As far as reading goes, we all have our guilty pleasures. Now I’ll admit mine — I’m nuts about animals. If it’s cute and furry, just pass the book this way. Only this time I think I’ve met my match with a true tale about a bear that’s not only incredibly endearing, brave, and kind-hearted but also historically significant. Meet Wojtek The Bear: Polish War Hero by Aileen Orr which recounts the true story of Private Wojtek (pronounced Voy-chek) who was enrolled in the twenty-second Company of the Polish Army Corps during World War Two, where he served not only as a mascot but as an active participant in battle.
His saga began in 1942 when Polish soldiers, recently freed from the Soviet gulag and serving with the British in Iran, bought the bear from a local child. Raised from a cub, Wojtek — which means happy warrior — modeled himself on the soldiers and thought himself one of them. He became tame, wandering around the camp, scarfing cookies and other treats, putting away a beer or two with his mates, and enjoying cigarettes, which he didn’t smoke, but ate lit (Just in case you’re skeptical about his antics, there are lots of photos in the book, and you can check Wojtek’s website at wojtekthebear.com). His transport unit made its way through Palestine, Syria, Iraq and Egypt before shipping off to Italy to the horrific battle of Monte Cassino. There Wojtek distinguished himself by hauling artillery shells to the front lines under enemy fire with no prompting from anyone. Polish forces won the battle, but at war’s end, unable to return to their occupied country, they were allowed by the British to decamp in Scotland.
Eventually Wojtek “retired” to the Edinburgh Zoo, where the author of this book met him when she was eight years old. Orr had never forgotten the bear’s happy wave when she said “hello” to him in Polish. Yet what makes this book more than a funny ursine version of MASH is the skillful way in which the author allows the dreadful situation of the Polish soldiers to shadow Wojtek’s often hilarious antics. The bear caper was, from the start, the act of men who’d lost everything to the Soviets — wives, children, families, possessions, homeland. Wojtek answered a need to give and receive both love and comfort, and it was a testament to these soldiers that despite their suffering in forced-labour camps, they were still capable of showing affection and kindness to an orphaned bear. One of the men, Lance Corporal Peter Prendys, acted as his chief caretaker, and as the story unfolds, Aileen Orr describes Peter’s relationship with Wojtek and gives us a sense of how the bear was solace for much of what he’d lost. Turning him over to the zoo was heartbreaking, as were the losses of war that were never redeemed, including the “big power” machinations that silenced Poland for generations.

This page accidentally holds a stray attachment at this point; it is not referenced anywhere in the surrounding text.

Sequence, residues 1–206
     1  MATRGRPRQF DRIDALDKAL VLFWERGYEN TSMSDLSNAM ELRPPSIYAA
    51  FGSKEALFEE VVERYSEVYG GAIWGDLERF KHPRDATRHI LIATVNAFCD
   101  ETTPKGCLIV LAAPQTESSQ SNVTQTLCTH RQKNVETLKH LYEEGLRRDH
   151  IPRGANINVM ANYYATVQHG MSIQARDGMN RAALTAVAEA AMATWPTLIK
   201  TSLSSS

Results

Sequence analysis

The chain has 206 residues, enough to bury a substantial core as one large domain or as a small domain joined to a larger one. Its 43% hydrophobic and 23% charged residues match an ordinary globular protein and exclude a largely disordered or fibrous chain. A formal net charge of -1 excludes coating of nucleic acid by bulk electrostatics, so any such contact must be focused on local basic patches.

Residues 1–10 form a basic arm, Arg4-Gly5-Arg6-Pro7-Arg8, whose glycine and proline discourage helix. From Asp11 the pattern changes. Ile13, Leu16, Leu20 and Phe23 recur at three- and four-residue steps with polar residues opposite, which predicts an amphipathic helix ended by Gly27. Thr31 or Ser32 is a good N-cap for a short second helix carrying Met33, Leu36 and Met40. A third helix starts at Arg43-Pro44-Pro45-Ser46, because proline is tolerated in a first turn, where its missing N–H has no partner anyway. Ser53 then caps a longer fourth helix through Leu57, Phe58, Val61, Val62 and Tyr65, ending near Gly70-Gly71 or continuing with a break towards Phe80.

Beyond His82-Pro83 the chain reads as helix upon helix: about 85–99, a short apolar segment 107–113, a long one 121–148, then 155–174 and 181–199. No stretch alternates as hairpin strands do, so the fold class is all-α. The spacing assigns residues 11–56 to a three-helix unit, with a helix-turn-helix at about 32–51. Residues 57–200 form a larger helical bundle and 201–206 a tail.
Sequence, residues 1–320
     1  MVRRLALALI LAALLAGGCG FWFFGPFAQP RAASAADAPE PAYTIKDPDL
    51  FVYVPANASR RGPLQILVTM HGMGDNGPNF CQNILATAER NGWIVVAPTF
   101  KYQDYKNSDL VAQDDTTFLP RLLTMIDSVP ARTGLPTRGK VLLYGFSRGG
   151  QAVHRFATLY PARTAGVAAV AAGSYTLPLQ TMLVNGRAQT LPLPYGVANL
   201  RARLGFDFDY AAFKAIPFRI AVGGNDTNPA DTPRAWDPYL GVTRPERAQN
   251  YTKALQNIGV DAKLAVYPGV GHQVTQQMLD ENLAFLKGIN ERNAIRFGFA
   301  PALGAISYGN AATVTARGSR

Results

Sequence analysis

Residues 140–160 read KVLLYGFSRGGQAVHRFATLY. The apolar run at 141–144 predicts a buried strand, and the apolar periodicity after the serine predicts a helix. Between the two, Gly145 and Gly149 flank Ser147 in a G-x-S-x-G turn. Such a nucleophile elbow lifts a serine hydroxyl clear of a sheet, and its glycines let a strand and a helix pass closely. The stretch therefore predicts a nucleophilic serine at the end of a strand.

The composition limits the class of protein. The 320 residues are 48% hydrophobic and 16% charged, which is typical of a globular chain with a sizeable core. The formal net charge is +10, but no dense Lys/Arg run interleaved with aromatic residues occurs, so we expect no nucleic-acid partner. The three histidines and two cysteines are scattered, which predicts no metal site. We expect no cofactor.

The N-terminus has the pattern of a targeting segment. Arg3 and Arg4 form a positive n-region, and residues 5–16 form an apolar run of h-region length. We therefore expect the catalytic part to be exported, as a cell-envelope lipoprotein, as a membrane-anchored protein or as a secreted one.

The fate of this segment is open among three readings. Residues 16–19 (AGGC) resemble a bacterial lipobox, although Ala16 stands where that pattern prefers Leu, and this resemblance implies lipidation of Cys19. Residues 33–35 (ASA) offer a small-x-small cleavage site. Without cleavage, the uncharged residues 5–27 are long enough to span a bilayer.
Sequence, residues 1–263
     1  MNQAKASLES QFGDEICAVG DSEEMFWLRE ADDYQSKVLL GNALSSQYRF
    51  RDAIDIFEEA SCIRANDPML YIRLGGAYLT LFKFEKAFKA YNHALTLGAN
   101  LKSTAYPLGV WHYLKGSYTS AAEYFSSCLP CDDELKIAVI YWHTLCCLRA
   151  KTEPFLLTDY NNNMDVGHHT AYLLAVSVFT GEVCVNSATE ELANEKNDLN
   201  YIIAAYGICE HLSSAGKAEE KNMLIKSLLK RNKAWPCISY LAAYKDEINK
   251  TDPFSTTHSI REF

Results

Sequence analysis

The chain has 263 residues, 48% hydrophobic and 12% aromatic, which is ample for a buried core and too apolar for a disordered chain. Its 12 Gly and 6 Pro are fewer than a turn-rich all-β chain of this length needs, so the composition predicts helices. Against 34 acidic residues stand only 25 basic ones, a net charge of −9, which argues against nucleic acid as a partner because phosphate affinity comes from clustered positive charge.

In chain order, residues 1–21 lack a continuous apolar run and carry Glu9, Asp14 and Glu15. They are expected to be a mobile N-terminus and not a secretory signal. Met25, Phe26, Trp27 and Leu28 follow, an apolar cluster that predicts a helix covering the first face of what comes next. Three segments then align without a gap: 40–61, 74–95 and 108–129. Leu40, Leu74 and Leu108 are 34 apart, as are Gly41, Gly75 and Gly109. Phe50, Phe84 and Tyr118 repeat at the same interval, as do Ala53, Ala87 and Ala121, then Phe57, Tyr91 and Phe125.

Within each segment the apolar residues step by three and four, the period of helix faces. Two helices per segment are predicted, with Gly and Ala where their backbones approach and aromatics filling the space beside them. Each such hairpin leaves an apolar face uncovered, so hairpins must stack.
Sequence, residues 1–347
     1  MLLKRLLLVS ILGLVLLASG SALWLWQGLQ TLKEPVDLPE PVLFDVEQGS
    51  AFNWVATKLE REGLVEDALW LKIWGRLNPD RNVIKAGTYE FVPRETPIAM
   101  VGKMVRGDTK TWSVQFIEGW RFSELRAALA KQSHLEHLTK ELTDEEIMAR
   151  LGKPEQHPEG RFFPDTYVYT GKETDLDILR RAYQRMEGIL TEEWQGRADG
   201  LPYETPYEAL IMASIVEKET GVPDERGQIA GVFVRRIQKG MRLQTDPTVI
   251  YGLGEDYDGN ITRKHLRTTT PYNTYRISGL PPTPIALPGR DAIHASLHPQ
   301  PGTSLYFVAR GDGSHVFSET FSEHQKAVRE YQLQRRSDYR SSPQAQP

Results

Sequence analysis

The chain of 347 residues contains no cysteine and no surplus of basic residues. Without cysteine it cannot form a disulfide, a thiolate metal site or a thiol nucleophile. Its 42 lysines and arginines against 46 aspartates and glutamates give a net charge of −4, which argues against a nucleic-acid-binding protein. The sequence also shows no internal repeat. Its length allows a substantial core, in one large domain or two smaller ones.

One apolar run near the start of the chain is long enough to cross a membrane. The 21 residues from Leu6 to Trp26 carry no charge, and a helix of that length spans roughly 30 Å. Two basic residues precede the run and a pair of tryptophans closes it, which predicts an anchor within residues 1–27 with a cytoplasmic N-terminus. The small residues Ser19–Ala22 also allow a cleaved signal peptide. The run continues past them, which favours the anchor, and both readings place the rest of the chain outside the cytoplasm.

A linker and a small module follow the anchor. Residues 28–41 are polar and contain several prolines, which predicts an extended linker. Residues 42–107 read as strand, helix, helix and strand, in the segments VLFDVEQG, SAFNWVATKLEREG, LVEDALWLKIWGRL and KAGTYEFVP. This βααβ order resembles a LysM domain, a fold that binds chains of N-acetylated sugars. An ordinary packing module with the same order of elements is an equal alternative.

The political cruelty of the war’s aftermath gives a thoughtful tone to this charming and nicely-written book. Its author spearheaded a successful campaign to erect a memorial in Edinburgh depicting Wojtek and his keeper, Peter Prendys. And oh yes, Wojtek has a Facebook page called Wojtek the Soldier Bear. Count me in as a fan.
That’s Wojtek the Bear: Polish War Hero by Aileen Orr, published in 2010 by Birlinn Limited in Edinburgh, Scotland.